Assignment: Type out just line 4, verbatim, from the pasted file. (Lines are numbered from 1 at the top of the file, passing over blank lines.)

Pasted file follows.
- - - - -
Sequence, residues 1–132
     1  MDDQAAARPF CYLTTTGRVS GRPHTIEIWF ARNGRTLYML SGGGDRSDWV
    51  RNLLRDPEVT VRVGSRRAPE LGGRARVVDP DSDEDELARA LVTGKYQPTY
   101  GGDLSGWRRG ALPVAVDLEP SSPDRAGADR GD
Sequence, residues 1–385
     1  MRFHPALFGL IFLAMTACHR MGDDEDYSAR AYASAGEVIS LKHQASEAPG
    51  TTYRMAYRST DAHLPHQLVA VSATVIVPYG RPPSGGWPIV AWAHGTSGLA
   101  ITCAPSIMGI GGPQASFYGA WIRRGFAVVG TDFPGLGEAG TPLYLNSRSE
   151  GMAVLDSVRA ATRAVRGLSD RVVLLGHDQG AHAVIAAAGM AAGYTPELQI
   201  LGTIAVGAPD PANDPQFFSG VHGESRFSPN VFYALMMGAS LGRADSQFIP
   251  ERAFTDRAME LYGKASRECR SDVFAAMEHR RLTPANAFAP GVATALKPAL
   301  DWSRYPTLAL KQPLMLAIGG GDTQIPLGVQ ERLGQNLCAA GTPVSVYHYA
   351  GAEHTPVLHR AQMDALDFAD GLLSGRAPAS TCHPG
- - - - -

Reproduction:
   101  GGDLSGWRRG ALPVAVDLEP SSPDRAGADR GD